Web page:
In my column for the National Post, I explain the real reason that separatism in Quebec is dead.
Quebec’s sovereigntists pretend to want independence. Until recently, federal politicians pretended to believe them.
But with the Parti Québécois poised to return to power after the Sept. 4 election, the old pretenses are breaking down — victims of the global financial crisis and the Euro crisis, in particular.
In the past, Quebec sovereigntists had a ready answer to every hard question: Look at the European Union. That works, right? As recently as 2009, former Premier Jacques Parizeau published an influential (among separatists) road map to Quebec independence that urged Quebec to retain the Canadian dollar. There’s nothing Canada can do to stop us, he told interviewers with a complacent chuckle.
But since 2009, Canadians and Quebecers have witnessed a harsh seminar on the practicalities of currency union.
An independent Quebec would be crazy to stay on the same currency as the rest of Canada. If it did, it would find itself exactly in the position of Spain and Italy relative to Germany. No, worse than that — in the position of Argentina relative to the United States during Argentina’s brief tragic experiment with “dollarization” in the early 2000s.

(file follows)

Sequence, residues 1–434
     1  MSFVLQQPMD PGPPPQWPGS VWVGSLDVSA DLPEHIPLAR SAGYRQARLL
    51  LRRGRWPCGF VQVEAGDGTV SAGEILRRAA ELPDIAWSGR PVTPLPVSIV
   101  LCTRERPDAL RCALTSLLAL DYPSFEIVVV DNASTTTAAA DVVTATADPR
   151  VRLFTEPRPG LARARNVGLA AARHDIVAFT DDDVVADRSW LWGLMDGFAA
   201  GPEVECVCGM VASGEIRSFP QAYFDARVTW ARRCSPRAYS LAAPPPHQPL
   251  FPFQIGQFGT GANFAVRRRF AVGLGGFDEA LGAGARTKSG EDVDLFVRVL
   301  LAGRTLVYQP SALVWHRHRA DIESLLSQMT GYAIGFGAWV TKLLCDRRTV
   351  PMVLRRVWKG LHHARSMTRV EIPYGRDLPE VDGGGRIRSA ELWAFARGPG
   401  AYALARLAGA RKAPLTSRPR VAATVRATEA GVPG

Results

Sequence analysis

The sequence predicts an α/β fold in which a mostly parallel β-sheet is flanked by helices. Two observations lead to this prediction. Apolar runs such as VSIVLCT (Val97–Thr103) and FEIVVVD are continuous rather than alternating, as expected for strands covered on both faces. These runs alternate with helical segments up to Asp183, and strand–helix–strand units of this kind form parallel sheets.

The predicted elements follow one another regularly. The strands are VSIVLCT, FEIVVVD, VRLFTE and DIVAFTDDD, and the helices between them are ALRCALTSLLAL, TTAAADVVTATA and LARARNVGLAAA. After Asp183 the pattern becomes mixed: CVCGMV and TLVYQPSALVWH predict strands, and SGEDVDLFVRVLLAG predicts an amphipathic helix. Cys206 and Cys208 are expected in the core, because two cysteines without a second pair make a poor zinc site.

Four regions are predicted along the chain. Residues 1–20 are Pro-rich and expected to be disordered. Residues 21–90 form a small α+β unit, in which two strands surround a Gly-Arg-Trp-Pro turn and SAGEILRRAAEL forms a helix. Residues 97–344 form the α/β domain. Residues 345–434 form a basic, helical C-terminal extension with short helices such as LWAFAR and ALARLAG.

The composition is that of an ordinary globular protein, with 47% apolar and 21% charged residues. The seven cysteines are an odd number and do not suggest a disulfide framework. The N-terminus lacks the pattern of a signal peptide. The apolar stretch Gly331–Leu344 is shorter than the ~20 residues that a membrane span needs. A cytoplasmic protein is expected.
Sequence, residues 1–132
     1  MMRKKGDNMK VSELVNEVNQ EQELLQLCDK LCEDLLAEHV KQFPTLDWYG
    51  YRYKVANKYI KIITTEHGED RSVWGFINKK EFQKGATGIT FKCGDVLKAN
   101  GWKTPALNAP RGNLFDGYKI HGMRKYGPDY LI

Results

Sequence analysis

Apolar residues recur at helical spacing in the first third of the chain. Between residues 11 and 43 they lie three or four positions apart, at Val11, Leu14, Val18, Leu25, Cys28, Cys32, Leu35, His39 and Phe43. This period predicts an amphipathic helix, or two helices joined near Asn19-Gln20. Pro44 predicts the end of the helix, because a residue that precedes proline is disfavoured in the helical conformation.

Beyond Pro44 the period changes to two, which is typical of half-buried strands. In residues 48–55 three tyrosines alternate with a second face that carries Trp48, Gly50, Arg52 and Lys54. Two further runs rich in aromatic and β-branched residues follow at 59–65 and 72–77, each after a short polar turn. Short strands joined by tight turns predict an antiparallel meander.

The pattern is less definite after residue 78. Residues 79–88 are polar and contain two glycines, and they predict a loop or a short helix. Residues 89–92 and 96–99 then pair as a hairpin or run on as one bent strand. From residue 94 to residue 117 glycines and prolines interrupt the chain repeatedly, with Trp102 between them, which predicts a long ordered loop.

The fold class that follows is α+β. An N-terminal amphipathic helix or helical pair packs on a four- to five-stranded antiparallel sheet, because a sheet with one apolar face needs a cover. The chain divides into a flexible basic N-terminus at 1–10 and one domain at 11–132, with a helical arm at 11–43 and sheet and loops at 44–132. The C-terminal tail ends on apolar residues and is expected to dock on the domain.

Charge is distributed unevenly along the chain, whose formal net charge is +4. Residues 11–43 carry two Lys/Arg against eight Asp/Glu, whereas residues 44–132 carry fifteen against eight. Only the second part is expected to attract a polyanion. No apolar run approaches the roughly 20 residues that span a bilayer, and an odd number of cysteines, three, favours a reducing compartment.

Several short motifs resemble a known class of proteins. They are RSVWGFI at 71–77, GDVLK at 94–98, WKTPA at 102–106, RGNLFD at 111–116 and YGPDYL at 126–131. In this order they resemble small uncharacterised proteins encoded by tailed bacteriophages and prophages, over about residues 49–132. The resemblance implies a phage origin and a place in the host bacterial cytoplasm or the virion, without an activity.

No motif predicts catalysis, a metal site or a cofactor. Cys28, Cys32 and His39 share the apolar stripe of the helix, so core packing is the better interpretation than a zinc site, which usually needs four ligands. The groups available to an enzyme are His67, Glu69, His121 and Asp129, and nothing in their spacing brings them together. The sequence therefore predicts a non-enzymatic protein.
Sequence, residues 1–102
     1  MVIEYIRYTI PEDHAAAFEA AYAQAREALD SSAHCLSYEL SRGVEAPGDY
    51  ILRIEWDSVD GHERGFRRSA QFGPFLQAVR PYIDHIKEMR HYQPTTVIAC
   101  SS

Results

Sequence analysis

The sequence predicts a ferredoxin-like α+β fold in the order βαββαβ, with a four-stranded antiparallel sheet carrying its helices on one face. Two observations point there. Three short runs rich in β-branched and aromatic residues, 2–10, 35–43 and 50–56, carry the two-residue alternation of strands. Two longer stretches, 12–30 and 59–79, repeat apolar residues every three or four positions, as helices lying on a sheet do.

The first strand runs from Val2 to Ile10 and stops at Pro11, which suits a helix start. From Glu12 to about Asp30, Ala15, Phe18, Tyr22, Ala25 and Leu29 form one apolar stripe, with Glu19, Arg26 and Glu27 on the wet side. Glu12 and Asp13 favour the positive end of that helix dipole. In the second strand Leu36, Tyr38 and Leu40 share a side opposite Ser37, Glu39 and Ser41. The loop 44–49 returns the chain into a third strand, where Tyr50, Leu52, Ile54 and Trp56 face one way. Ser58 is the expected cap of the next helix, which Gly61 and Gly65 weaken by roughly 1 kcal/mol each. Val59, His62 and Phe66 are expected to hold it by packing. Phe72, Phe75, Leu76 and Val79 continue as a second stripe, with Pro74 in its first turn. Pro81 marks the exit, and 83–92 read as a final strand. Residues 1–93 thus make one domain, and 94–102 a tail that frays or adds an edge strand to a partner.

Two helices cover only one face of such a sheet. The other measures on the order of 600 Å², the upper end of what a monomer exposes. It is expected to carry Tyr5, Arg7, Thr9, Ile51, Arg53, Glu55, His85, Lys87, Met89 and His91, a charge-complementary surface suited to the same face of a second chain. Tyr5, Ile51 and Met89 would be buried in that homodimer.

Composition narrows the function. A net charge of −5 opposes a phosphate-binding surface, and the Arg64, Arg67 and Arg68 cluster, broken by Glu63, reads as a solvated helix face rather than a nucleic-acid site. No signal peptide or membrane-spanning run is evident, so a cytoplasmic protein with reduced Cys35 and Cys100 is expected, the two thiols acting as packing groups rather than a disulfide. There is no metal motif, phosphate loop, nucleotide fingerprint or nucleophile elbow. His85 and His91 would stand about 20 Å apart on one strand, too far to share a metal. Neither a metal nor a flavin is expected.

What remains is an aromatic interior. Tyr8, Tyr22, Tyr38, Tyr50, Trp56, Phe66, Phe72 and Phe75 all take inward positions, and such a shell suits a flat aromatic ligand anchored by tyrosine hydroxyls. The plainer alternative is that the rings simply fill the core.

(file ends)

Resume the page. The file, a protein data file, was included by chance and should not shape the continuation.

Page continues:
The great lesson of the past dozen years of currency experiments is: Currency union without fiscal union leads to financial crisis and economic depression.
If Quebec breaks the fiscal union with Canada, it must for its own sake exit the currency union too. Which means that Quebeckers will awake the next day to huge depreciations of their salaries, benefits, and savings.
Quebecers know that, or anyway intuit it. The old promises of an easy separatism have been discredited. Separatism is now a hard path, involving great sacrifices, reduced standards of living, more work, and fewer social benefits — all at a time when PQ supporters yearn to hear a message of no sacrifices, improved standards of living, less work, and more social benefits.